Location: Yellowstone National Park
It’s always a slow drive through Yellowstone National Park. The roads are narrow and windy and always wall-to-wall with people looking for animals. American bison are one of the big draws. Once, while passing a large herd near the Lamar River, I saw a ranger giving hell to a tourist, and with good reason. The woman insisted on posing for a photograph near a wayward bull that had wandered close to the road. Apparently she missed the warnings about getting gored by these large bovids that appear as docile as cattle but are still wild animals, and their horns can kill you.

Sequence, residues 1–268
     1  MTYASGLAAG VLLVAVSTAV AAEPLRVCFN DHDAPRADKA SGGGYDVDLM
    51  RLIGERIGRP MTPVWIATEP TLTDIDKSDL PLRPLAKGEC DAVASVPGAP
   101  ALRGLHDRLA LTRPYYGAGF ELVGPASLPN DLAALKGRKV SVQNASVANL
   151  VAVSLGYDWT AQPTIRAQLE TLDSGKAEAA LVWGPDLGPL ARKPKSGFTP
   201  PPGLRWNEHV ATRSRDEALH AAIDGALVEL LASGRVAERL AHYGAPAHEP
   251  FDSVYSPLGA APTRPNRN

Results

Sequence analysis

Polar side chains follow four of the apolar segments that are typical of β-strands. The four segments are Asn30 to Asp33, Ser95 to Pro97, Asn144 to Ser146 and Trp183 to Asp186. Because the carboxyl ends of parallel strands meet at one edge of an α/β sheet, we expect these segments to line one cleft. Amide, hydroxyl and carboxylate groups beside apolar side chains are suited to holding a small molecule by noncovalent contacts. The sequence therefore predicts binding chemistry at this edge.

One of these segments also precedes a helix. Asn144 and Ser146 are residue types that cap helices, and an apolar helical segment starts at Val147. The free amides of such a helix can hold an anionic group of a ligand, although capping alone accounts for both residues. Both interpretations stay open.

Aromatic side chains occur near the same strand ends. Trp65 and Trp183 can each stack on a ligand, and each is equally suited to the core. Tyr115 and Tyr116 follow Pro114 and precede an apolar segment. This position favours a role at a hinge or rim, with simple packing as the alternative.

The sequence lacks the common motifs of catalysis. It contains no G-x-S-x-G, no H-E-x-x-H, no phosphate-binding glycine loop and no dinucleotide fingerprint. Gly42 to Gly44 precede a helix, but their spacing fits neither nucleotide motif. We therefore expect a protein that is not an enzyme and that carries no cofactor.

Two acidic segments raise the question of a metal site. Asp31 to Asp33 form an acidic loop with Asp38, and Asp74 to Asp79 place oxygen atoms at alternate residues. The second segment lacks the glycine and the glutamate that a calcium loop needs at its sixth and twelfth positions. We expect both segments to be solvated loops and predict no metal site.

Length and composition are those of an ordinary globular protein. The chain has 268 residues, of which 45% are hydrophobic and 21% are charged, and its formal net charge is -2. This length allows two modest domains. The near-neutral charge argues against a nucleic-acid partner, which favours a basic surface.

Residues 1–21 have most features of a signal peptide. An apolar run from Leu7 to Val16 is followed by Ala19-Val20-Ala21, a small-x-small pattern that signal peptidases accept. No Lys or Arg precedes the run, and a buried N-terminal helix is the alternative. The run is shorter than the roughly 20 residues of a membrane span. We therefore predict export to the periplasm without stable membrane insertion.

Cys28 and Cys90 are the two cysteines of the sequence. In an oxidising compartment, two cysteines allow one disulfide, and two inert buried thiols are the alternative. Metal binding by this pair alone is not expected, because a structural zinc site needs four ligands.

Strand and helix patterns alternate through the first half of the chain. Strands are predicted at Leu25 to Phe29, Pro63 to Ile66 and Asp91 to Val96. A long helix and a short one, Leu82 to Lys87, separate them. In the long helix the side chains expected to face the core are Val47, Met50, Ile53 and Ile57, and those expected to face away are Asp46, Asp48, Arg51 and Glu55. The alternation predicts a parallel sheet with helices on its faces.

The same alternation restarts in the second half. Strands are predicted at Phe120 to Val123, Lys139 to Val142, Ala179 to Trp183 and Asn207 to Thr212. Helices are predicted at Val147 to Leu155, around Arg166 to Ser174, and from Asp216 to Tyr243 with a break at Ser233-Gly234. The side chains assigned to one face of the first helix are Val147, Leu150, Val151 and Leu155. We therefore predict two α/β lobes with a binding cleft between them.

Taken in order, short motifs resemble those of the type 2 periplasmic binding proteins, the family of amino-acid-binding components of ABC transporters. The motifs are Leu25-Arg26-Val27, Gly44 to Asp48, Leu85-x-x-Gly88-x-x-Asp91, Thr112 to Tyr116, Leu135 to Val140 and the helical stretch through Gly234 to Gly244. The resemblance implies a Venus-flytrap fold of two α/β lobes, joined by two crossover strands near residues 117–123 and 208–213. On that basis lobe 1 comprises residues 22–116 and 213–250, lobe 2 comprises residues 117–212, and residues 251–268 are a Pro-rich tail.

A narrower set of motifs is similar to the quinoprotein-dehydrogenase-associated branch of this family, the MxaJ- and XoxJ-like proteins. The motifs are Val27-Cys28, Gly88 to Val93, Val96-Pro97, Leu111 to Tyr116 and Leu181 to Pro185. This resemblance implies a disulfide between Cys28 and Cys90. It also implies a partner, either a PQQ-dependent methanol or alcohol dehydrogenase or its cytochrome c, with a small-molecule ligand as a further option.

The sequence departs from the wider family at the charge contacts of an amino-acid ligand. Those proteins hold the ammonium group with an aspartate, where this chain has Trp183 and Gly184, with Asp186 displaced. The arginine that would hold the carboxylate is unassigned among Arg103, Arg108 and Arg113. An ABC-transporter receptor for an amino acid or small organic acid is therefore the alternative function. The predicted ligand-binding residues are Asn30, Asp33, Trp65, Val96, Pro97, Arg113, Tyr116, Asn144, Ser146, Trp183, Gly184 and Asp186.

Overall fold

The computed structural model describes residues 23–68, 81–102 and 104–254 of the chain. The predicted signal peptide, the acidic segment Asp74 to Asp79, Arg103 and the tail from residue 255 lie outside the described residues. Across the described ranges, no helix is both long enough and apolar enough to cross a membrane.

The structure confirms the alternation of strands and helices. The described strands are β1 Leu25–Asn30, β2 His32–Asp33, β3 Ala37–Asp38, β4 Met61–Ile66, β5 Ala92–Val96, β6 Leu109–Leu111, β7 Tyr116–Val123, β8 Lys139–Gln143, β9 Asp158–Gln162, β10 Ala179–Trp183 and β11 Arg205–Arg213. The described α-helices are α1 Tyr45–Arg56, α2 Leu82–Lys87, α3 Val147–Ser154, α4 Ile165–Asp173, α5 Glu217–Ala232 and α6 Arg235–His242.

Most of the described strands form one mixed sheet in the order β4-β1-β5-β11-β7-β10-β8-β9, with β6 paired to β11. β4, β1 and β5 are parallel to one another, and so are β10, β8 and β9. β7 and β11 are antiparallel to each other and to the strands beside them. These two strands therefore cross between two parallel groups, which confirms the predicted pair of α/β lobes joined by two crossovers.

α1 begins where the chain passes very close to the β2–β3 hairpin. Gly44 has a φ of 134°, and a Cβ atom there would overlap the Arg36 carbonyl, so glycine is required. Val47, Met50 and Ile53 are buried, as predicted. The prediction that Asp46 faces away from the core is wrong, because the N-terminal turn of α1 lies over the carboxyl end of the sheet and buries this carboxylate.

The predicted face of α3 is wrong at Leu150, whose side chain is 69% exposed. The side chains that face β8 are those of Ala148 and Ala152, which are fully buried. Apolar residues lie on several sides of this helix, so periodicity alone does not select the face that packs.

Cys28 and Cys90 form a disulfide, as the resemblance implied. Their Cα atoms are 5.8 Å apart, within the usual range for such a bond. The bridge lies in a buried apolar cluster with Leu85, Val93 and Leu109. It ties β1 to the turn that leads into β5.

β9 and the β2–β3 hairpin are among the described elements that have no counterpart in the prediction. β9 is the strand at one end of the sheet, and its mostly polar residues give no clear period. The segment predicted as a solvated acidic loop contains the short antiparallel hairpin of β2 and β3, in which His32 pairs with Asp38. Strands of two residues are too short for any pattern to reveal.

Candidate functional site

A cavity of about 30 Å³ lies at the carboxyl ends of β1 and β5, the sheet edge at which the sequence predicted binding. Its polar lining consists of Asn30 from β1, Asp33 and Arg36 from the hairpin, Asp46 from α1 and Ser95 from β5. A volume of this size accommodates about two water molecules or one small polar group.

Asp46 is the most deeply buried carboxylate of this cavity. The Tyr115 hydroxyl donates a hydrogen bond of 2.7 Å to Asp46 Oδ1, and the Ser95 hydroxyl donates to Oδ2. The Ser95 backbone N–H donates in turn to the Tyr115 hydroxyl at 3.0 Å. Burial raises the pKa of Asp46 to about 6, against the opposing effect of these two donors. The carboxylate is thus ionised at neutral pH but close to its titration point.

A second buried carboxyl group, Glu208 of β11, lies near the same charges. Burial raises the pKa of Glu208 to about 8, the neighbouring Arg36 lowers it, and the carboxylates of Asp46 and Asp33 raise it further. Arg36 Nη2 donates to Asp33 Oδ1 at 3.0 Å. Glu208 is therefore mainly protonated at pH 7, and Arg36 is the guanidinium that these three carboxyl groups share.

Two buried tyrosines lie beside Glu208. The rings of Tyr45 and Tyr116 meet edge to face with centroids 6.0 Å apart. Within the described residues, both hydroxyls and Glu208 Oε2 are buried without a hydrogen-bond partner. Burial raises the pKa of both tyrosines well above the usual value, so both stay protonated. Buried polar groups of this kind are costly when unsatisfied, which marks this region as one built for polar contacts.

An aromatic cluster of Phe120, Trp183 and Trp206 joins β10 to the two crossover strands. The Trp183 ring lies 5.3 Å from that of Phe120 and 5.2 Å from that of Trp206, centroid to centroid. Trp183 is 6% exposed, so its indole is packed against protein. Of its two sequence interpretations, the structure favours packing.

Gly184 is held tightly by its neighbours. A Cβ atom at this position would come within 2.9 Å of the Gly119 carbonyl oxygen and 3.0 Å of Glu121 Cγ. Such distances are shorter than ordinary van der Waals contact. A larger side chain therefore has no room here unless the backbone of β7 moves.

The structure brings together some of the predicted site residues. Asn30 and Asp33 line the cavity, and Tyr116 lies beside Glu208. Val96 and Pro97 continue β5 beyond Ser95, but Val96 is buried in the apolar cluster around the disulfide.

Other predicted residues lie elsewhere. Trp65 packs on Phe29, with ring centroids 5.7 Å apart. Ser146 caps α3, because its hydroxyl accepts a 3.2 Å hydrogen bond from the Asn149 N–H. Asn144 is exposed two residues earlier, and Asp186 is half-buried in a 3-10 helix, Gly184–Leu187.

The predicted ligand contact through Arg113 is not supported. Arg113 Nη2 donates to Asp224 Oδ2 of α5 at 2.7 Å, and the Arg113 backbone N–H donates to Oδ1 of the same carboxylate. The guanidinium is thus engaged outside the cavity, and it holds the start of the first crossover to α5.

Horns, found on bison, bighorn sheep, mountain goats and other bovines, are different than antlers. Though the interior is bone, the exterior is made of keratin that grows from specialized hair follicles similar to human fingernails. Horns begin to grow right after birth and continue to grow throughout an animal’s life, which is a way to tell the age of the animal. Horns grow faster during the spring and summer when food is plentiful, then slow down during the fall and winter, forming a dark ring around the base of each horn. Count the rings and you can tell how old the animal is. I know of two exceptions: the pronghorn, which sheds its horns each year; and the bison whose horn rings are too difficult to differentiate.